Students can vote for 50 Senators and the Student Body President, Vice President and Treasurer on eight campus locations Feb. 22 and 23. The Change, Communist and Gator Parties have candidates running for Senate seats.
Campus | Student Government
Students can vote for 50 Senators, the Student Body president, vice president and treasurer in eight polling locations across campus on Feb. 22 and Feb. 23. Here are the candidates representing the executive tickets for the Gator and Change Parties.
Tickets were originally offered exclusively to UF students and went on sale Jan. 25. Roughly 3,000 people were expected to attend, and all 700 pit tickets sold out on the first day of sales, said Student Government Productions Chairman Jake Siegel. The show’s capacity was 6,500, according to the performers’ contract.
The SG Elections Commission announced polling locations Tuesday. Eight locations on UF campus will be open for student voting from 8:30 a.m. to 8:30 p.m. Feb. 22 and 23.
Students can vote for 50 senators and the Executive Cabinet in SG’s Spring election on Feb. 22 and 23. Five parties are registered: The Gator Party, Change Party, Communist Party, Keg Party and Waffle House Party. Polls will be open from 8:30 a.m. to 8:30 p.m. on election days, per SG election codes. Students who are unable to vote in-person can request absentee ballots through an online form before 5 p.m. on Wednesday, said Supervisor of Elections Alexandra Stedman.
Student Government Productions paid Roddy Ricch $350,000 for his concert, which is now open to the publicBy Maia Botek | Feb. 7
For the first time since 2020, Student Government Productions opened up its concerts to the general public.
On the lawn of the Reitz Union Tuesday morning, the candidates made their debut in front of silver balloons that read ‘FORWARD’ in front of an audience of about 30 students.
Two Student Government parties announced their candidates for executive positions three weeks before elections start. Feb. 22 and 23, UF students can cast their votes for a new Student Body president, Vice President and Treasurer. Students will also choose 50 new senators to take over seats organized by college and credit hours.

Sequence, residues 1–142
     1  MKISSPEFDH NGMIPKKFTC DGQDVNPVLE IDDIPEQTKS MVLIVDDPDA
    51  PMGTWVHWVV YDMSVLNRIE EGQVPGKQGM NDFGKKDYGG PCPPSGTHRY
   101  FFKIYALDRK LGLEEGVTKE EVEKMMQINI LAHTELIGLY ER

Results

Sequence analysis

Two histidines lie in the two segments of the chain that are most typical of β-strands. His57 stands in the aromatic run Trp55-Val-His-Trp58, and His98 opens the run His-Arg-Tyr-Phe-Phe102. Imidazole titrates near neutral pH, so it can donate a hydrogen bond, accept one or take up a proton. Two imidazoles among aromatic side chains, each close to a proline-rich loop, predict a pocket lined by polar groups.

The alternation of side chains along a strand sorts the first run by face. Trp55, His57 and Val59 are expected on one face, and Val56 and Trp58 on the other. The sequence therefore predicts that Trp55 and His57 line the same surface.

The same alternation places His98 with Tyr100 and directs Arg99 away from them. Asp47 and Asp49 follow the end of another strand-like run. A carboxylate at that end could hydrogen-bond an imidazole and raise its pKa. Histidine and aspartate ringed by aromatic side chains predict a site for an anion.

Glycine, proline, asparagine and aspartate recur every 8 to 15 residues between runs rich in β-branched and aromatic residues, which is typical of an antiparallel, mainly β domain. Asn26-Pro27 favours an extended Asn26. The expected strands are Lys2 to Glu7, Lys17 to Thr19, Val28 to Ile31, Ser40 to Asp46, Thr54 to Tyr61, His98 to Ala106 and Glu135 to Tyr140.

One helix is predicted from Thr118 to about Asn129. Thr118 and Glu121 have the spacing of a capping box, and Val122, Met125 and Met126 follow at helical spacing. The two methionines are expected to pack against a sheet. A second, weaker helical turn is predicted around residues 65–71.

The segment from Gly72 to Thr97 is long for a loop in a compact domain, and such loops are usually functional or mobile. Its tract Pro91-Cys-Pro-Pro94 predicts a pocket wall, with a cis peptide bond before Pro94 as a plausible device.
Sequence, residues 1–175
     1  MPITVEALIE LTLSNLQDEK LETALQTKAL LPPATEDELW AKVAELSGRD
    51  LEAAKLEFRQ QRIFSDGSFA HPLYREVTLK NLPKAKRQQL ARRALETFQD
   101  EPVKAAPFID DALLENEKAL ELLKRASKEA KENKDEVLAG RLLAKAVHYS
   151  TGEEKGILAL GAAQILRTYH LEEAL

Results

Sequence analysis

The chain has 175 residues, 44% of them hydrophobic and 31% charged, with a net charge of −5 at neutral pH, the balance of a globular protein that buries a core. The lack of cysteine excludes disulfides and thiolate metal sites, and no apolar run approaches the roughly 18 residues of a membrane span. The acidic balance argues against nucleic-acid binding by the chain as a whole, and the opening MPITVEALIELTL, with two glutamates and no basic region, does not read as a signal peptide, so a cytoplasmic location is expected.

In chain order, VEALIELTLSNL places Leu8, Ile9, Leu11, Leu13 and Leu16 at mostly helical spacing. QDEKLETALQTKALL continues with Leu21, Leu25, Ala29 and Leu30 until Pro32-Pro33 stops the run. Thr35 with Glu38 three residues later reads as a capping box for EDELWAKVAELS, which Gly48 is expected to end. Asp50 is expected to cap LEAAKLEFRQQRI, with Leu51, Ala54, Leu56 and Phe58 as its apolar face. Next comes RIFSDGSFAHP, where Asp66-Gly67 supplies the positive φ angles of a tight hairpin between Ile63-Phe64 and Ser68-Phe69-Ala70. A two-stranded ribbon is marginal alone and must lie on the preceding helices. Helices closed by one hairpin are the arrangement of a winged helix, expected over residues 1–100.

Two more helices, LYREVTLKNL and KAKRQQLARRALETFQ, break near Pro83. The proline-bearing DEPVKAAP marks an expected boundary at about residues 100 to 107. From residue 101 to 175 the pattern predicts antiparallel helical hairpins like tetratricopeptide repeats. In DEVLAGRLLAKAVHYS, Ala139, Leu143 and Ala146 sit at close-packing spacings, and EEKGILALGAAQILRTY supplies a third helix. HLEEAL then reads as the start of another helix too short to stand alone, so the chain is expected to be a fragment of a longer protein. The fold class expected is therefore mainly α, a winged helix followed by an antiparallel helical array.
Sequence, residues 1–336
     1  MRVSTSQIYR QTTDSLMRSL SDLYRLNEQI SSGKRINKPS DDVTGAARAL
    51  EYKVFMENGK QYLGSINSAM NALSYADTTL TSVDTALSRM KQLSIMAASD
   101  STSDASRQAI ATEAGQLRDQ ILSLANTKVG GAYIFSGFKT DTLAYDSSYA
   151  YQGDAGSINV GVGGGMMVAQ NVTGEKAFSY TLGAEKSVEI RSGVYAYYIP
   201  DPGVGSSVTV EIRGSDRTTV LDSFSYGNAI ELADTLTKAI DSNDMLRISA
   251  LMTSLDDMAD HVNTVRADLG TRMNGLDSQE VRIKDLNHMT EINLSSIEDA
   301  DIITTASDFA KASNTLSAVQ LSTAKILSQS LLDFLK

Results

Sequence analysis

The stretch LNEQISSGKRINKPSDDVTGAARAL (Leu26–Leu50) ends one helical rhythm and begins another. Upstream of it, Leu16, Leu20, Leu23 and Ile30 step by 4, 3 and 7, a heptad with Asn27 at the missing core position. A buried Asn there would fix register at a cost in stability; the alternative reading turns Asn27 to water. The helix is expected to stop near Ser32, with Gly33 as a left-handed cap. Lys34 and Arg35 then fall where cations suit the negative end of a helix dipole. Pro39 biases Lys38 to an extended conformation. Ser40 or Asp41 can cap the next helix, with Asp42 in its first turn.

Concluding statements were cut short when Siddharth Krishnan, a member of the UF Communist Party, announced from the back of the room that a COVID-19-positive student was on the way to the debate.
The concert, which is for UF students only, will be held at the O’Connell Center at 7 p.m. and was announced through social media posts along with an update to the student government website. Doors to the event will open at 6 p.m.
After a Fall semester that saw graduate seat vacancies and an unusually low number of bills on the Senate floor, SG officers are preparing for the Spring semester.
Last Spring, SG passed 19 bills — at least 11 of which were resolutions. This semester, SG passed less than half of that. Seven bills were approved in the Senate chamber since September: three were resolutions.
The annual address allows SG’s executive branch to list their accomplishments of the semester and what is to come. Tuesday’s address was the first in-person address since 2019, as SG held the most recent address online due to the COVID-19 pandemic.
Since September, canvassers who claim to support Seminole Native American tribes have been spotted around campus collecting signatures for a cause many students know nothing about.
Built in April of 2009, the UF Veterans Memorial originally consisted of flags, a fountain and five granite pillars for each branch of the military. Now, the pond’s murky green water collects algae and has fallen into disrepair.
Gator Party has held a majority in Senate for more than a year since Spring 2020 when it won its first executive ticket. Now, with about 70 Gator senators in the chamber, the composition of Senate committees echoes this majority.
Although open to the public, standing Student Government committee meetings are often only announced on a clipboard on the ground floor of the Reitz Union. Students who do not pass the area and are not members of the committees themselves have no other means to find out SG meeting dates and times.
Some senators were dissatisfied with the picks for 21 committee seats and five open permanent Senate seats.